Posts Tagged ‘Facebook’

Managing Your Digital Assets With an Eye on Mortality


For a while it was just an interesting academic problem: what would happen to your Facebook page, your Instagram photos, and your Pinterest collection if you died? And what about your e-mail account(s), your shopping login information and the passwords for all of those different online arrangements?

It became less of an esoteric question when several things started happening:

  1. More and more, people organize their entire lives online. You may be paying your bills, ordering medications, managing bank and brokerage accounts, and even posting automatic updates at various websites.
  2. Suddenly, some of those digital assets started having real economic value. Not only your airline frequent flyer miles, but the real dollar income from linking your Pinterest account (like pilot Dan Ashbach did) can add up.
  3. People started dying. Well, truth be told, they have been dying for a long time. But now some of them have LinkedIn, PayPal and Google Plus accounts. What happens to those accounts?
  4. Other people started losing the ability to manage their own affairs (again, that’s been going on for more than just a few years) — and family members started figuring out how to manage accounts, pay bills, and (oops) take money out of accounts online, anonymously and without any legal authority or oversight.

What does all this mean for your estate planning? It should be clear that you need to think about your online and electronic presence, and how to allow someone to take the appropriate actions when you become disabled or upon your death. “Appropriate” may mean something different to you than it does to your neighbor, and so it is also important that you make clear what you want done with your digital assets, and that you know about any legal constraints or limitations.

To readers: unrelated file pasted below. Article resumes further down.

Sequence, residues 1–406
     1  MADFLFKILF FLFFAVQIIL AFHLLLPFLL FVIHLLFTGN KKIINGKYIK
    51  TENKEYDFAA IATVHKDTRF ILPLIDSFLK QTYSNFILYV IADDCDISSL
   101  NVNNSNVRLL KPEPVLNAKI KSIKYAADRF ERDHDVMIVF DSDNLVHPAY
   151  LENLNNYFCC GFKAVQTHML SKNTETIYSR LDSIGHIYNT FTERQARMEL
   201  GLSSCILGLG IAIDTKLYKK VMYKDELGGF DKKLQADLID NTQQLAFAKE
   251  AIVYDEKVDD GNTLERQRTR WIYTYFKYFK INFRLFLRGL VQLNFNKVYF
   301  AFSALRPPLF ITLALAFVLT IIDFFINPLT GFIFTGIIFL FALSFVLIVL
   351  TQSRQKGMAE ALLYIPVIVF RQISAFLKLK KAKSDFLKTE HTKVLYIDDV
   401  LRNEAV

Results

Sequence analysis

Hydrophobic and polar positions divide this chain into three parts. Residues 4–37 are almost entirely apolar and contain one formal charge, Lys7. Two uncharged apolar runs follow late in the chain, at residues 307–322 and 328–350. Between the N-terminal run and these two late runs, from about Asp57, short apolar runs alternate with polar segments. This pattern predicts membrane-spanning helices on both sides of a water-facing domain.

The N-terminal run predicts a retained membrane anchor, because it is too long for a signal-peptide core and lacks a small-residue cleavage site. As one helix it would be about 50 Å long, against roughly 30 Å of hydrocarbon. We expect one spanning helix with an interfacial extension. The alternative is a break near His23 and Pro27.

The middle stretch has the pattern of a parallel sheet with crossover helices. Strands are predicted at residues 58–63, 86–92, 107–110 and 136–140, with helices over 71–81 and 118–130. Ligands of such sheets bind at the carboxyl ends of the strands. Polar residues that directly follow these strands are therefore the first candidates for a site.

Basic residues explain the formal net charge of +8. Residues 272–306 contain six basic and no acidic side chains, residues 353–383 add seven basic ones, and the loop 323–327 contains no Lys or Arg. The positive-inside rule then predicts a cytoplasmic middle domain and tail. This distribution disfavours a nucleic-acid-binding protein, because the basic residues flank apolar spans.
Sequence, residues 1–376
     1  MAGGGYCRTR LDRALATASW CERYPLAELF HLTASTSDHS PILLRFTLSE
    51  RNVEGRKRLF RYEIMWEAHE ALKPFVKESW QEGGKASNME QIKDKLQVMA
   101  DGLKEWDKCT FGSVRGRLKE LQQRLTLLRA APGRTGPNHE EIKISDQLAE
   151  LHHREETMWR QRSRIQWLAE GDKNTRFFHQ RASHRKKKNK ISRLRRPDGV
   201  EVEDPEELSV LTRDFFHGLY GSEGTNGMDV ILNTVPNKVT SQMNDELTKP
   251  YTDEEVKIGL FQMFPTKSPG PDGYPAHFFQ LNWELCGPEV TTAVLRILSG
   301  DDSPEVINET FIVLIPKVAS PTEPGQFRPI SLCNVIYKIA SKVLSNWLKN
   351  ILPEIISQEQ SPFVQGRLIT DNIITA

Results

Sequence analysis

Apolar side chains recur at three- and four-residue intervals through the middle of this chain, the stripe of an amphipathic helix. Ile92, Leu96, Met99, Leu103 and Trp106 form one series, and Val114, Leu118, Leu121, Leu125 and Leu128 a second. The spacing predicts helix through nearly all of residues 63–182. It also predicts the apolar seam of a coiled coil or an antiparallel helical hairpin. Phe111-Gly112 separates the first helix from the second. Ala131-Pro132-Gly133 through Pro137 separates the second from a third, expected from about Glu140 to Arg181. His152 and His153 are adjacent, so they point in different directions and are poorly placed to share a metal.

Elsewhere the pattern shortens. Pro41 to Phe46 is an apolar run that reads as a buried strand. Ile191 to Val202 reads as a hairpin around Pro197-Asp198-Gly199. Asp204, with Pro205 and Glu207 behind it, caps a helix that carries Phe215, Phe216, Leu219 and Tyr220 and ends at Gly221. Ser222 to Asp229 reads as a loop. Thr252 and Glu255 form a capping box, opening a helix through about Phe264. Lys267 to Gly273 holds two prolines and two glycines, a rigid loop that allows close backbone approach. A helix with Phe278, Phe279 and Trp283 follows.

Let’s start with passwords. You know that you’re not supposed to reuse passwords, and that you should change your passwords on a regular basis. Maybe you have made the decision not to change the password for your favorite sandwich shop ordering site every sixty days, or to use the same password for your car rental and airline reservation accounts. Even so, you probably have a lot of passwords, and a challenging problem managing them.

Now think about getting those passwords to your spouse, or child, or successor trustee. Do you write them down somewhere? That would be very insecure, and a lot of work — you need to update the list every time you change a password (or add a new account). Where can you keep it that it is available and secure? A password-protected file on your computer? Which computer, and how hard is it to break the password protection on your favorite word processor, and what happens if your computer hard drive fails (as it most assuredly will, sooner or later)?

Take a look at password utility programs, like LastPass, or RoboForm, or Password Box (there are dozens of others). There are free ones (or at least free versions), but you might have to pay a few dollars (or even a few dollars a year). The best of them keep your passwords in an encrypted online space, and install in your local browser. Most even work on your iPhone or Android phone or tablet. Now you only have one password to remember, change and pass along — the password manager takes care of those changes for all the other passwords.